So while I've known about the classification theorem of finite simple groups for a while, I saw the orders of the sporadic groups factored and noticed that all of them have very many small prime factors. Given the importance of (and rareness of large) "smooth numbers" in various aspects of number theory, this seems to be fairly significant!
After some searches on Stack Exchange, Overflow, and Google (not digging too deep), I couldn't find anything specifically addressing this phenomenon, and having seen the Sylow Theorems and things like Burnside's Theorem, it is clear that the prime factorization is closely related to a group having/not having normal subgroups in some way.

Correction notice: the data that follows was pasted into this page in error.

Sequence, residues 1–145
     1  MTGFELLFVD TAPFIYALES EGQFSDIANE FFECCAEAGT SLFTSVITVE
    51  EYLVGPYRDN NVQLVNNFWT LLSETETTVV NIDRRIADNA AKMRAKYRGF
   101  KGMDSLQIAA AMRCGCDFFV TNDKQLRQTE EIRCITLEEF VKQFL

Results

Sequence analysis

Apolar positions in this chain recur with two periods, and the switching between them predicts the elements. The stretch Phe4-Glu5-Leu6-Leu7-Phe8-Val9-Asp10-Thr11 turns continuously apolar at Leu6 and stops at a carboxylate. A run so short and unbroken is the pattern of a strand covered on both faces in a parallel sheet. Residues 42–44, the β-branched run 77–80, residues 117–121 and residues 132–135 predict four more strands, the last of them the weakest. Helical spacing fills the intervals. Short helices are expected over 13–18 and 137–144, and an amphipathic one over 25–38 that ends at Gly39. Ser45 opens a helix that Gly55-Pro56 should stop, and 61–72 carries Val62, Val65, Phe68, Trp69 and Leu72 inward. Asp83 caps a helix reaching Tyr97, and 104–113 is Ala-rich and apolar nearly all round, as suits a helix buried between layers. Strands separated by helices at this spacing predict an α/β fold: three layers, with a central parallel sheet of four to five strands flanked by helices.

So I wanted to ask, "Is there a (big-picture) group-theoretic explanation for why the orders of sporadic groups have no large prime factors, and how (if at all) is this at all useful in the study of these groups or other places where these groups are found?"
But, of course, the classification of finite simple groups is a several-thousand page endeavor and this question is rather broad, so I might expect a satisfactory answer to either require hundreds of pages of mathematics, or be so soft that it may be frowned upon.
So I wanted to make this post on meta to see if this question would be received well if I asked it on main.